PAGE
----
Closely related to trend #2, we believe a fundamentally new organizational dynamic will drive sales productivity – and it’s not based on making individual reps more effective in their sales-related tasks. This trend is based on research our sister team at the Corporate Leadership Council spent the better part of this year conducting. Their publically available research summary is a must read. The punch line of their research is that peak organizational productivity is driven by both:

  • individual task performance: an employee’s effectiveness at achieving individual tasks and outcomes, as well as
  • network performance: an employee’s effectiveness at improving others’ performance and using others’ contributions to improve his or her own performance

Network performance spans well beyond collaborative online portals and knowledge management platforms – it’s literally the informal networks that answer the question “how does work really get done around here?” And here’s the kicker: network performance is drastically underrepresented in most organizations despite its importance nearly doubling in the past 10 years.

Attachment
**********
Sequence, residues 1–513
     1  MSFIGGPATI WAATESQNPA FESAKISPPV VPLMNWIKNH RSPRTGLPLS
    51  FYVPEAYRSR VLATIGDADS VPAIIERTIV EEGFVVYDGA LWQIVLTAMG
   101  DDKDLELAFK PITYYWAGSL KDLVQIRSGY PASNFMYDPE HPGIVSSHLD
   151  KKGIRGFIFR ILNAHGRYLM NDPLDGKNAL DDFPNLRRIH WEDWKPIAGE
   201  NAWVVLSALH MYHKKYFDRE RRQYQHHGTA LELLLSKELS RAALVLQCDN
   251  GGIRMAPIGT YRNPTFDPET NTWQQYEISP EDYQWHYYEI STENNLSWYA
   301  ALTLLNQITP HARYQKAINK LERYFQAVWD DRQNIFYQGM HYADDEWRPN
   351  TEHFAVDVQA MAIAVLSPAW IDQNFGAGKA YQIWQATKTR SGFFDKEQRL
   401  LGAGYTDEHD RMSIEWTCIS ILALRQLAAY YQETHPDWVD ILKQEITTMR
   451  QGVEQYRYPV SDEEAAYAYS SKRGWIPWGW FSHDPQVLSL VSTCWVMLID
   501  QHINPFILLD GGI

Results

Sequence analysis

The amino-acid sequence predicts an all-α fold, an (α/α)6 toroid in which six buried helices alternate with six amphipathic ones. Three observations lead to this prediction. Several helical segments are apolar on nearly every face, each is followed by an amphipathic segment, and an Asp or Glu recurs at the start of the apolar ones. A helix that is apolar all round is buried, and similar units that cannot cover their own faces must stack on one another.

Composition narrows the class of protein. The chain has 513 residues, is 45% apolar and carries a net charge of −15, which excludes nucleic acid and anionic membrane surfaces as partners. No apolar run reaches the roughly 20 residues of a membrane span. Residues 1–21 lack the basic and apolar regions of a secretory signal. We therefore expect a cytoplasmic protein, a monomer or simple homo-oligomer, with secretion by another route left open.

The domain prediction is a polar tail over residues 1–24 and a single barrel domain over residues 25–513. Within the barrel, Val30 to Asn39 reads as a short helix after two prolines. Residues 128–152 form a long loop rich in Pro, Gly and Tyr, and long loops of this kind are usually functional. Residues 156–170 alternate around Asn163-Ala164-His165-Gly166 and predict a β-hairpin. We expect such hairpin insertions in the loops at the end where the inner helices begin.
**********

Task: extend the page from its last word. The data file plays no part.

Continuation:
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In fact, firms that were able to proper balance network and individual performance saw a 10% improvement in profitability. This underscores how important the creation of not just formal, but informal networks within your sales organization is becoming.

In sales environments, CEB suggests that the “right balance” is closer to 44:56 in favor of individual versus network performance. Most sales organizations, however, are nowhere near that ratio, drastically over-representing individual performance.

A Sales Team is an Oxymoron

It’s about freakin’ time that this issue is addressed. The sooner we embrace the fact that there is no such thing as a “sales team”, the sooner we can begin the process of healing and change.

Here’s the visual: sled dog team vs. sled cat team

2013   the Beginning of the End of the Gun Slinger Sales Era image sales teams